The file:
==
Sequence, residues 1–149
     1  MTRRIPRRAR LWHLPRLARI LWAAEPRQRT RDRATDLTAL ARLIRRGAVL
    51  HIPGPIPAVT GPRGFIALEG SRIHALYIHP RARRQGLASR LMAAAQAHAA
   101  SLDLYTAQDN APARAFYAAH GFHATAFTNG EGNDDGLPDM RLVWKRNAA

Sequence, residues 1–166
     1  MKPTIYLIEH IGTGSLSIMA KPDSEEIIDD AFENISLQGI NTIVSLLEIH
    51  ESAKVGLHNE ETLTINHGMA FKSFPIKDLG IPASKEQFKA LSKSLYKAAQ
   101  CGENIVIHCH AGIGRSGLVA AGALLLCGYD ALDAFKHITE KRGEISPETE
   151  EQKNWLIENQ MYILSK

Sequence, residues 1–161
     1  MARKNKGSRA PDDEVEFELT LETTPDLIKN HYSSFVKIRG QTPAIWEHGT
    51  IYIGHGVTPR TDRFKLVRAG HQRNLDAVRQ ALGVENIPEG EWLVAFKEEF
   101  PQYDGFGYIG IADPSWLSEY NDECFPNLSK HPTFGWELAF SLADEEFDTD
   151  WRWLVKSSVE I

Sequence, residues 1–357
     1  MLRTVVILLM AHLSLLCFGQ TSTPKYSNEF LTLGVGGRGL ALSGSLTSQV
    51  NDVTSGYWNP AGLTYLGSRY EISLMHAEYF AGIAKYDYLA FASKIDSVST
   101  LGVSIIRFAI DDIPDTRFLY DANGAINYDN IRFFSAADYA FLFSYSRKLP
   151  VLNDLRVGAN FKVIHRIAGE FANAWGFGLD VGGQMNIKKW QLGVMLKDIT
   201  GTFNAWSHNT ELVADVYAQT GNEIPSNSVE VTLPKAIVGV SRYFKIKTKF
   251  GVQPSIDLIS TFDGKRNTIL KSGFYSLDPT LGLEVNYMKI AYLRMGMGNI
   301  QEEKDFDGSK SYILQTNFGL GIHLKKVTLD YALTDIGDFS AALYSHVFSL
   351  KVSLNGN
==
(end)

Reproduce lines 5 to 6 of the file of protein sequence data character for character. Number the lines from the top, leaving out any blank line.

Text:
Sequence, residues 1–166
     1  MKPTIYLIEH IGTGSLSIMA KPDSEEIIDD AFENISLQGI NTIVSLLEIH